Inv. No. 1723.
Copenhagen, New Carlsberg Glyptotek
(København, Ny Carlsberg Glyptotek)
The head is turned toward the left. This is a replica of a portrait type which Gross calls the “Opferbildtypus”, after a scene on Trajan’s Column where the emperor makes his appearance in this type. On account of the acanthus leaf that frames the bust at the bottom, it is plausible to assert that the portrait is posthumous. On the left shoulder, Trajan bears the shield of Zeus, for which Medusa’s head serves to hold the two sections of the scale-covered sovereign’s symbol together.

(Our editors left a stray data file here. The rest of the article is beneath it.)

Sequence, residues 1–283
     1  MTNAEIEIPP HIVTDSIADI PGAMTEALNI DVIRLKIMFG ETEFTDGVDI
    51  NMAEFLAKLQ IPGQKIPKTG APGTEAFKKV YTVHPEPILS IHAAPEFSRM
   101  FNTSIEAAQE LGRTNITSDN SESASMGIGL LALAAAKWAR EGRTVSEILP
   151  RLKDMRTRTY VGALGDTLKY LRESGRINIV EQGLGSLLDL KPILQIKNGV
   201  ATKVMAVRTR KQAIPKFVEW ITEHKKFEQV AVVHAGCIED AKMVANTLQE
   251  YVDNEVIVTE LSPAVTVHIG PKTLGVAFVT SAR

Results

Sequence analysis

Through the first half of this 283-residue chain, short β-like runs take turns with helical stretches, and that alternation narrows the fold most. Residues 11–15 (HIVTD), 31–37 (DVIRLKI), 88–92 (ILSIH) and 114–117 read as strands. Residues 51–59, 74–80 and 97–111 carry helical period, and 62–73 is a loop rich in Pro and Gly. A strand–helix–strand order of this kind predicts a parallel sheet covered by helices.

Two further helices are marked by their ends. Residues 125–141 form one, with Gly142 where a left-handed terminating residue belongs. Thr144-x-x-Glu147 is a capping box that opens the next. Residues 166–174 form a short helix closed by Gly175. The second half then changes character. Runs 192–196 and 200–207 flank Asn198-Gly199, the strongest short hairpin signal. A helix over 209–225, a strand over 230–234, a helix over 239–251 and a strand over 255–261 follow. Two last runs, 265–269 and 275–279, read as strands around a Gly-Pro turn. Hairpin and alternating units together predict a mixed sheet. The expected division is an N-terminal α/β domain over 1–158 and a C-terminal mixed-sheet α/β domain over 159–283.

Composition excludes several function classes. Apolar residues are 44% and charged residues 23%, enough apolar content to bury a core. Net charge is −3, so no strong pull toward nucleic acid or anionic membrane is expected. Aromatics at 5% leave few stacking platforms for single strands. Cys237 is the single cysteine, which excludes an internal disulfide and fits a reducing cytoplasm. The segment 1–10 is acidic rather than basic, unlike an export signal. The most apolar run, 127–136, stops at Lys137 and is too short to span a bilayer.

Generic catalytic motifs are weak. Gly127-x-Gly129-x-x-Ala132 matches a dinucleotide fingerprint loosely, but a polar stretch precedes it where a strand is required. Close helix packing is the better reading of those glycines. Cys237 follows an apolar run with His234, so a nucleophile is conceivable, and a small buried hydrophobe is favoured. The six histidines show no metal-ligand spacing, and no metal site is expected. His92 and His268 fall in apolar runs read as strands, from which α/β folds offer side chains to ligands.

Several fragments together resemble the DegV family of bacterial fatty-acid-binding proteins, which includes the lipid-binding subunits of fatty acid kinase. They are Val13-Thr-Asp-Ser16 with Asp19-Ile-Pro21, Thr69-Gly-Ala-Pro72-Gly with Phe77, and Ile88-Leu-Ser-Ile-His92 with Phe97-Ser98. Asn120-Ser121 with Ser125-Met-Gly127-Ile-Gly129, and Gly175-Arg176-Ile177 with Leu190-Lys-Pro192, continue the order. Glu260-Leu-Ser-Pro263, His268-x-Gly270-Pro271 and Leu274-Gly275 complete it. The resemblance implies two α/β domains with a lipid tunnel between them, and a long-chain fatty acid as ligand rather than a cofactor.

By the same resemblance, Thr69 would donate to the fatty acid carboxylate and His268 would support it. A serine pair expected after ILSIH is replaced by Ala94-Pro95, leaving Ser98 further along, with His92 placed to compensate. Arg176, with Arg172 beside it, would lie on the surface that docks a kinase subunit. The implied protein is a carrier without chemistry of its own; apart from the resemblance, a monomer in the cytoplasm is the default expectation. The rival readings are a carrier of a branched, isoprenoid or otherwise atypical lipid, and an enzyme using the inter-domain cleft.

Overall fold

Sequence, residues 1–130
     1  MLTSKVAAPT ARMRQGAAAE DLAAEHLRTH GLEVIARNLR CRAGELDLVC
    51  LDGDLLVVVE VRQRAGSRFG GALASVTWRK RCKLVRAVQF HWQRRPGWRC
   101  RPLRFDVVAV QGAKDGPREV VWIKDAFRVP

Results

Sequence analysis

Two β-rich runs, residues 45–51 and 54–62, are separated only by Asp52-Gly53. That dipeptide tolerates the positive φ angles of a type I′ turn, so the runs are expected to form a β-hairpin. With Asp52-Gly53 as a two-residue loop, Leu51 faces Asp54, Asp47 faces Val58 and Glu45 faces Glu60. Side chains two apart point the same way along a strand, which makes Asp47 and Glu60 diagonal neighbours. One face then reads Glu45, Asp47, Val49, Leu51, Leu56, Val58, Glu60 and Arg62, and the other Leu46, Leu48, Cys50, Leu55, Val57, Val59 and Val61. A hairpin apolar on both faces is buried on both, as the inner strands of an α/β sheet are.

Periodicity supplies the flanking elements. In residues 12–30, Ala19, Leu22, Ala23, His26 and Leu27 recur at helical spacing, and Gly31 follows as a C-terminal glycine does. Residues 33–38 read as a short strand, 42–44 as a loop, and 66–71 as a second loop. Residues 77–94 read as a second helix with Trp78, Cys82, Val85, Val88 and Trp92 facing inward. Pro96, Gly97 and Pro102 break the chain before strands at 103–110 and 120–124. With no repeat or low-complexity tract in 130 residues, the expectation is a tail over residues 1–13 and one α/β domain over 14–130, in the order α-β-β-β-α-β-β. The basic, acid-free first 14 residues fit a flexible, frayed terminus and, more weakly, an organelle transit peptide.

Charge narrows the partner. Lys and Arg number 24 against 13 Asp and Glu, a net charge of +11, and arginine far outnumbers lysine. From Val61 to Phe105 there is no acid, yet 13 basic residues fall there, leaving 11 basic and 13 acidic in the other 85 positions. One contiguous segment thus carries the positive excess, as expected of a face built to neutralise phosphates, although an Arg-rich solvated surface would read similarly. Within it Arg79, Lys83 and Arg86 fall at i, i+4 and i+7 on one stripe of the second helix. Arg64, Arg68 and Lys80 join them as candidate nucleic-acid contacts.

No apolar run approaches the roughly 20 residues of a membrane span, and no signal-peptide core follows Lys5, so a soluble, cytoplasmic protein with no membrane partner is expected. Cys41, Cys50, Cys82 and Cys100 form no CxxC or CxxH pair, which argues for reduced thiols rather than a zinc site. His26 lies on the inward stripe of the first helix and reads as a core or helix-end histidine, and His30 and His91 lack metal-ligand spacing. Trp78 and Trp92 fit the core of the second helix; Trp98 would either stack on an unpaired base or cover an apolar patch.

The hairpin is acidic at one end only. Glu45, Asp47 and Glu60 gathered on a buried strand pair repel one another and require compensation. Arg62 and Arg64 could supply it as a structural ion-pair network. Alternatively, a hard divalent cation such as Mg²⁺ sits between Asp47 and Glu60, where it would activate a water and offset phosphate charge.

Bust. White, coarse-grained marble with weathered surface.
H. 0.61 m.
The nose and ears are damaged. The right shoulder has been struck off. Within the acanthus leaves at the foot of the bust, a square indentation has been carved. Above this hole there is a roughly cut surface — all of which indicates that the central leaf has been separately carved out and mounted on to the bust.
Acquired in 1899 from Italy, through Arndt’s mediation. Allegedly discovered in Formiae.
F. Poulsen 1951, Cat. 671; W. H. Gross, Bildnisse Traians, 106, 108, 113, 132, no. 68, pl. 32a; V. Poulsen 1974, Cat. 37; M. Bergmann, Gnomon 53 (1981) 180; Fittschen-Zanker I, no. 44, replik 1;